Everybody loved Mike; he gave the press some incredibly memorable quotes (on Zigmund Palffy’s agent, Paul Kraus: "It’s too bad he lives in the city. He’s depriving some small village of a pretty good idiot.") and he gave his fellow general managers some pretty good players. He also had some nice draft picks to work with.
Between 1995 and 2001, the Islanders had a lottery selection eight times in seven drafts, and had three other top-10 picks as well. Wade Redden was flipped for Bryan Berard, who was subsequently sent to Toronto in exchange for Felix Potvin. Potvin won seven games before getting moved to Vancouver. J-P Dumont went third overall, but never played in the NHL for the Islanders; he was sent to Chicago with a fifth round draft pick for Dmitri Nabokov, who played 30 NHL games before returning to Russia, where he’s been a bit player.
There’s a theme here, as Milbury simply refused to hang on to his picks. Roberto Luongo was shipped away (along with Olli Jokinen, another top-five pick acquired by the Islanders) in one of the worst trades in NHL history. Eric Brewer was sent away for Roman Hamrlik. Tim Connolly and Taylor Pyatt were packaged together for Mike Peca. Raffi Torres was sent away in exchange for Janne Niinimaa. Meanwhile, Jason Spezza didn’t even get a chance to be selected by the Islanders; Milbury sent him away (and tossed in Zdeno Chara for good measure) to Ottawa for Alexei Yashin. All told, nine top-10 picks (five of them lottery selections) were moved by Milbury for an assortment of veterans who either disappointed or were unable to stem the franchise’s bleeding.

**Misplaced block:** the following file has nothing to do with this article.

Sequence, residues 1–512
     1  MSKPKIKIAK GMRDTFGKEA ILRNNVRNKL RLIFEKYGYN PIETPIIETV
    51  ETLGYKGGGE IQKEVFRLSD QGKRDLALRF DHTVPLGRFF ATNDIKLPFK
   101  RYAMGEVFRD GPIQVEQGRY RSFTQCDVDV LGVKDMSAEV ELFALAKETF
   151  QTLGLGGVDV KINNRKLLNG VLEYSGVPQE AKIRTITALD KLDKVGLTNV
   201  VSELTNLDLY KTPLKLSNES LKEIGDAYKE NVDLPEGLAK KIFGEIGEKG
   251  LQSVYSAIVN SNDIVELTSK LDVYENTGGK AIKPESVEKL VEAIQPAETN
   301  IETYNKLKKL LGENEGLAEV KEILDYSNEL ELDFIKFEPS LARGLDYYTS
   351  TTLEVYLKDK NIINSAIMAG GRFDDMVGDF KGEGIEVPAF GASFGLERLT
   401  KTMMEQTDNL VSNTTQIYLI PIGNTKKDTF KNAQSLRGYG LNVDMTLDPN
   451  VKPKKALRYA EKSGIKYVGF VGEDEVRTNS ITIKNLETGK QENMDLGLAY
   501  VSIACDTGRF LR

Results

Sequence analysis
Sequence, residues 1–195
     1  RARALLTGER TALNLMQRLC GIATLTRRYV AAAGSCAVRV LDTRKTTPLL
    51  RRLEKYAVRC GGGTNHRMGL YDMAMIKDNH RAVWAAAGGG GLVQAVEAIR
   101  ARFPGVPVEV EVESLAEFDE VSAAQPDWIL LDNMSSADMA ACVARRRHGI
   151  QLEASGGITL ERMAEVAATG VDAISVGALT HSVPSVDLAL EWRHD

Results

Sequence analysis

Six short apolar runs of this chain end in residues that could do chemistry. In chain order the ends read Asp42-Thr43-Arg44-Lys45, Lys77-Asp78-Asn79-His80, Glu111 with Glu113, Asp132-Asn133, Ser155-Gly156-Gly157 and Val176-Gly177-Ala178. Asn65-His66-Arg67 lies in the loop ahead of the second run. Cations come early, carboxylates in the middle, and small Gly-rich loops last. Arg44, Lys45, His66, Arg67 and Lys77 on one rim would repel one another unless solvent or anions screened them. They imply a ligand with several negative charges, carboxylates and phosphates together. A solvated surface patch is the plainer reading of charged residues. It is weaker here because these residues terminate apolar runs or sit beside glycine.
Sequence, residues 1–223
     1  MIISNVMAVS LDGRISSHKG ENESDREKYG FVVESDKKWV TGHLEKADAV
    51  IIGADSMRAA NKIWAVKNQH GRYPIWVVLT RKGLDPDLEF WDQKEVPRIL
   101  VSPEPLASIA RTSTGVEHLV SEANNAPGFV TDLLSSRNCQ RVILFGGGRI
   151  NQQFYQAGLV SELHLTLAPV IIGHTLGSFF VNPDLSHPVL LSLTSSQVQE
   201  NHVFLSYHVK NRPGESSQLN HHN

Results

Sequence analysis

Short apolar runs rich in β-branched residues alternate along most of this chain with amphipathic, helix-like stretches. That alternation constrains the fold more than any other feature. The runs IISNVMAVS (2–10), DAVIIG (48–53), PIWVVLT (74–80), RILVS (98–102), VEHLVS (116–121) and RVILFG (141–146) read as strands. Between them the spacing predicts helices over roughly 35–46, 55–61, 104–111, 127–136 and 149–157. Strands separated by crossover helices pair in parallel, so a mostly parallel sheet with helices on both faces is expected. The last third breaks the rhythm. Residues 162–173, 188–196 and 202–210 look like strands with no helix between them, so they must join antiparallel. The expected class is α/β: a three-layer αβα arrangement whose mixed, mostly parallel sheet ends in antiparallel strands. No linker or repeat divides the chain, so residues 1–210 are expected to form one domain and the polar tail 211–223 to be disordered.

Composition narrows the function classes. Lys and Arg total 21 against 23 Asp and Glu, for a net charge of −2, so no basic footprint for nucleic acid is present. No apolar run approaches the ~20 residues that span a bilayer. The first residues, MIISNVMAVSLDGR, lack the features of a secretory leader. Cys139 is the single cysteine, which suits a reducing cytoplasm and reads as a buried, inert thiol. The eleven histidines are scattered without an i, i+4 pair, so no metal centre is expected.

As for the other two picks, only one remains an Islander: injury-prone goalie Rick DiPietro, who is signed until judgment day. The other player (Michael Rupp) was taken far too high based on his draft year performance and was never signed. He re-entered the draft and went to New Jersey in the third round, two years later.
And That’s Not All…
There are plenty of other examples too, though I probably don’t need to go into detail. The Coles notes edition:
Columbus – There’s a reason Doug MacLean has three different Twitter parody accounts (my favourite is this one) and it isn’t solely on account of his unique personality. With MacLean in charge, the Blue Jackets picked in the top-10 for nine consecutive seasons, making three lottery picks over that span. Aside from Rick Nash, they have one top-four defenceman (Rostislav Klesla) and a trio of prospects left to show for it. After making one playoff appearance under new G.M. Scott Howson, they’re bound for another high pick this summer.
Florida – With three lottery selections and one top-10 pick between 2001 and 2004, the Panthers have still been unable to rise to the top of the risible Southeast Division. Their best pick (Jay Bouwmeester) was sent away for very little in the way of return, and while Stephen Weiss and Nathan Horton are good players the team has never had enough of a supporting cast to put in a post-season appearance.
The point to all of this is that just getting high-end draft picks isn’t enough. Darren Dreger goes on about how the Oilers have decided they can’t win without acquiring a superstar, and while it isn’t Dreger’s fault those sorts of statements make my blood boil. I recognize that it’s important to have impact players, but it’s never been that simple. The pre-lockout Oilers were a team worth watching, a strong collection of two-way players augmented by cheap young stars (until those stars got expensive and had to be dealt away for Anson Carter or Jochen Hecht, and the cycle could begin once more). Had those teams been able to hang on to stars, they could have competed because they were deep and multi-dimensional.
The draft picks are a good start, but whoever the Oilers end up picking is going to need a supporting cast as well.